I have been looking through a whole bunch of Island records that we have recently obtained. They are photo’s of declassified and ancient records. The earliest are from the early 17th Century so date from just after the first set of Tudor Buildings were completed by Queen Elizabeth I Trench Master or Engineer, the Italian Federico Genebelli around 1605. Unfortunately in some cases these are fragments and the writing is nearly impossible to decipher. This is partly as although English was the common spoken language Anglo-Norman and Latin were more often than not used for official documents and I haven’t had time yet to correctly identify the language and try and translate.
Whilst the plans for the Palmerston Casemates and Underground Magazines and Tunnel Complex which were built from 1861 to 1871 aren’t there surveys done after completion in 1881 and in preparation for the construction of the Breech Loading Batteries in 1898 and 1901 are there. Also there are the records for the defence of Plymouth which were rewritten as the Breech Loading Guns were deployed to replace the large muzzle loaders. The detail in the written records is immense and includes detail right down to the train timetabe to deploy the territorial force in times of a heightened threat.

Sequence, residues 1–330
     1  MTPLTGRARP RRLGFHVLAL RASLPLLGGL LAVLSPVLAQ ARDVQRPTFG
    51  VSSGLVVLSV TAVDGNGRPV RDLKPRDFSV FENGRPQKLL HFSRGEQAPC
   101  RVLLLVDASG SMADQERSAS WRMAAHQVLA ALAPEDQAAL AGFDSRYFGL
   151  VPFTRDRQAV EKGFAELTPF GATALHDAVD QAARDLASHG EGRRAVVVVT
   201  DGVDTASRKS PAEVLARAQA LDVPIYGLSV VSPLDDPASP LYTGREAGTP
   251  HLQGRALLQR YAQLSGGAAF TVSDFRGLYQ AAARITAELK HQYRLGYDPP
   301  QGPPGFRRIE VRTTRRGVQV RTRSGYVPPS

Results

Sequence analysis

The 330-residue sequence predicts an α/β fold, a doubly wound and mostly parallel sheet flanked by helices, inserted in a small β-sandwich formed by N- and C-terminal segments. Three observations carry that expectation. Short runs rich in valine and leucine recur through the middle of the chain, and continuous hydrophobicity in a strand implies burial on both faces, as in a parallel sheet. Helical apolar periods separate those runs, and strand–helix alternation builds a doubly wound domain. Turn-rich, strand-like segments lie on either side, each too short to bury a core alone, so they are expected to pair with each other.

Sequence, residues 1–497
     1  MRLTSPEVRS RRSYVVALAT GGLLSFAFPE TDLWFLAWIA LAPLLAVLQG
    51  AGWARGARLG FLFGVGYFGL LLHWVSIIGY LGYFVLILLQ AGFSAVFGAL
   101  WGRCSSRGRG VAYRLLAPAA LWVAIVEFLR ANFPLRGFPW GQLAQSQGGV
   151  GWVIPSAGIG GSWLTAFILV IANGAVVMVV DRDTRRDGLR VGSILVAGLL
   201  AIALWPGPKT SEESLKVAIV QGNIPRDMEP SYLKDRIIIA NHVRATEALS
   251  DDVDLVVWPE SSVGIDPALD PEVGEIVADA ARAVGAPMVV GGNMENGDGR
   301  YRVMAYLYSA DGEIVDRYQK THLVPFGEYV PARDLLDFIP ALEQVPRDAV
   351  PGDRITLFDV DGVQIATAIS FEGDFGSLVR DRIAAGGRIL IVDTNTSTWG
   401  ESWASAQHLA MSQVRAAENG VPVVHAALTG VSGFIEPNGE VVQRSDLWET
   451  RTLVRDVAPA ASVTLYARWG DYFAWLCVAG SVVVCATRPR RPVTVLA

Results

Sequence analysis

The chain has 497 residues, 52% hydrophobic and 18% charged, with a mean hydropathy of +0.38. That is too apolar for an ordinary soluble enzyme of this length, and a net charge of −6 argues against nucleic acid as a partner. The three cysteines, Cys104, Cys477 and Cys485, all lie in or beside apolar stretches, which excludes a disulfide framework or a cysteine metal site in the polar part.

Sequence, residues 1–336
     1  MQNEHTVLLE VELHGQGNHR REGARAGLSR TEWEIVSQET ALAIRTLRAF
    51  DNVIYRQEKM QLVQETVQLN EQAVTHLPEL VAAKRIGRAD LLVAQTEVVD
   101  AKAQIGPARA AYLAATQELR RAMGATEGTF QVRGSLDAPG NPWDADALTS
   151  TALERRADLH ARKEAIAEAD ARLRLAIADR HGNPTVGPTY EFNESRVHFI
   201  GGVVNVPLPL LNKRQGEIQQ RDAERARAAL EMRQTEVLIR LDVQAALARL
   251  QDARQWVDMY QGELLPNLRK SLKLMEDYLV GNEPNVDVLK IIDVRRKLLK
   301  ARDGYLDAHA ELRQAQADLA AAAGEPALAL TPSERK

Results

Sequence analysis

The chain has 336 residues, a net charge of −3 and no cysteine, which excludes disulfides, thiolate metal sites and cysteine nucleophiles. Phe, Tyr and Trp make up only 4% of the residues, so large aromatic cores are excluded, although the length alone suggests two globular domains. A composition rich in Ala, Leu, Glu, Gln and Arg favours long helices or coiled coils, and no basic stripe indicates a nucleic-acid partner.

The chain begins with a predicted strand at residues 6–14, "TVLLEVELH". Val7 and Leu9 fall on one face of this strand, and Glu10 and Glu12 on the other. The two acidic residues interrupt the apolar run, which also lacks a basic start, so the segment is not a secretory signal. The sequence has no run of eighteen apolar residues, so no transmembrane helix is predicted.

The later charts show the use of buildings in WWI and WWII together with the Fort record for WWII and the subsequent hand back of the Island to the Duchy of Cornwall. It also shows the early interest from the National Trust in the Island.
The latest documents are the proposed plans drawn up by to alter the buildings for the benefit of the Drake’s Island Adventure Centre. These charts and records also confirm earlier research about the Island and in some cases add weight to the thoughts on the more frequently raised questions about the Islands history. For example none of the records indicate a tunnel from the Island to the mainland either on a chart or map nor in the written records which detail how the Island will be resupplied which is always over water. The hand back of the Island shows the Island was considered Crown Land and the justification in law.
As you can imagine there is a lot to sift through and I am trying to cross reference with earlier blogs to highlight if these new finds change any of the earlier interpretations of the Islands history. Over the coming weeks and probably months I’ll be blogging about the more interesting details I turn up and because the records especially from WWI cover the whole of the Plymouth and South West defences it will also include some wider detail of the Devon and Cornwall Territorial Forces. What is great for me as a Sapper Veteran is the Island i still in use by the military, the Royal Marines conduct training including the final attack of the recruits final exercise on the Island and the Royal Engineers will be continuing their long association with the Island by carrying surveys. just as their predecessors did over the Summer.
I’ll look at some of this new information in more detail over the coming weeks.